The man later known as Peter Ernest Monash was born Ernst Rainer Monasch, on August 16, 1924, in the German town of Rudolstadt, where his father Alfred Monasch had recently opened a factory that employed a couple hundred of workers. His life was probably not unlike that of an only child, in that his brother and sister were 10 and 11 years older respectively. He was smart, high-strung, fast, and short. From all I know he was basically a normal kid, leading what for that era and socioeconomic class was a normal life. I know from one story that he was lousy at Latin, but I’d guess that overall he did pretty well in school — and even that supposedly not-known Latin was, from time to time, quoted to me at the dinner table.
In 1933, the Nazis took power. My grandfather was what one called a “Hitlerjude” — somebody who did not regard himself as Jewish at all, but whom the Nazis regarded as a Jew even so. The most immediate consequence for my father is that he was trundled off to whatever school could be found to accept a “Jew”. Then, as things got worse, he was sent to France, to stay with one of my grandfather’s business associates (I believe the French representative for his business).
I’m not sure how well my Dad was treated by his French host family. My mother thought it was pretty badly. My father, who was actually there, wasn’t as harsh in his views. Anyhow, they did feed and shelter him, and eventually took him along when they tried to escape France ahead of the German invasion. That is to say, they bicycled south to the Pyrenees — but were turned back at the Spanish border. And so my father, in 1940 or so, was returned to Germany.
My father’s mother was unquestionably Christian, and so his status was that of half-Jew, or “Mischling.” This made him ineligible to serve in the military, not in itself a terrible drawback. Indeed, since he spoke French, wasn’t in the military, and was a factory-owner’s son, he was sent back to occupied France to run a factory of some sort. He traveled hiding in the back of an onion truck, for fear of the early French Resistance. But he fell seriously ill — I always forget whether the ailment was typhus or typhoid fever — and by the time he recuperated the factory-running plan was discarded.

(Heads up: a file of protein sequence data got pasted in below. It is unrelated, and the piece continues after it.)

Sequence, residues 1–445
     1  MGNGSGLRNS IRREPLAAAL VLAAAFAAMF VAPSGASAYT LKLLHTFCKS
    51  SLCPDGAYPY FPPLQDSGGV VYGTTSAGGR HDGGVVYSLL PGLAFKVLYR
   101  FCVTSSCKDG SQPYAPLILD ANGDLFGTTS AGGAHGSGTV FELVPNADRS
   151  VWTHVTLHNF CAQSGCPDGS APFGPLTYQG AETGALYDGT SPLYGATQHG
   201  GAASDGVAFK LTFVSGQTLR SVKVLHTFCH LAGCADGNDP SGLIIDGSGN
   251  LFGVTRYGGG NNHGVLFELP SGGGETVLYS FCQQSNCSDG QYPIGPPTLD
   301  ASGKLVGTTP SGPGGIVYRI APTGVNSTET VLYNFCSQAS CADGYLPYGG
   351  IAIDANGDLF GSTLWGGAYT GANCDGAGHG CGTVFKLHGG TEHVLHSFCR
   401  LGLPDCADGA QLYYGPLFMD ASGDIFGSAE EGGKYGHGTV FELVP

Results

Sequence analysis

The Monasch family relocated from Rudolstadt to Berlin. Alfred Monasch went into hiding, helped by his Christian in-laws. The rest of the family was restricted to menial jobs, as well as the privations of war-time rationing, and later of air raids as well. There was evidently some significant ill-treatment even beyond that, but I was never told details.
In 1944 a number of able-bodied Mischling men such as my father received a call-up notice. They were bundled into two trains of cattle cars, on adjacent tracks, to be sent in different directions. My father found himself opposite his friend Jan Boehm and, impulsively, climbed from his car to Jan’s. That decision saved his life. At the camp my father and Jan Boehm were sent to — Zerbst — 5-10% of the inmates escaped, my father and his friend included. At the other camp (whose name I have forgotten), evidently nobody survived.
Zerbst was pretty awful, including tortures of various sorts. But I never was told which, if any, my father suffered personally. I do know that for decades thereafter he slept with a sheet or blanket over his head, a habit developed due to rats. He stole food to survive.
Somehow, the inmates had access to a radio, from which they learned that the advancing allied armies were finding, in the work camps they liberated, that all the inmates had been killed. This was, to put it mildly, a cause for concern. But on the night after they finished building the airstrip that had been their project, the Americans hit it with an air raid — neatly obliterating, as my father told it, a strip right up the center of the runway, rendering it unusable.
One casualty of the air raid was the electric fence, and so there was a mass escape. According to figures my father later saw, 150 or out of 2000 inmates successfully escaped, including his friend Jan Boehm. (Googling suggests those numbers may have been a bit off, but the general idea seems right.)
By the time he escaped, a soon-to-be-defeated Germany was in chaos. He made his way back to Berlin, rejoined his family, and eventually found himself in a liberated Russian sector. He got a job working for the Americans as translator. Eventually — I believe in 1948, but when I see some papers I may discover it was a year or two earlier — he was the first member of his immediate family to immigrate to the United States.
And that seems like a good point at which to break off this particular post. There are a number of anecdotes I’d like to record and convey, but it seems more urgent to complete a basic life history for both of my parents than it is to drill into the specifics of any particular period in their lives.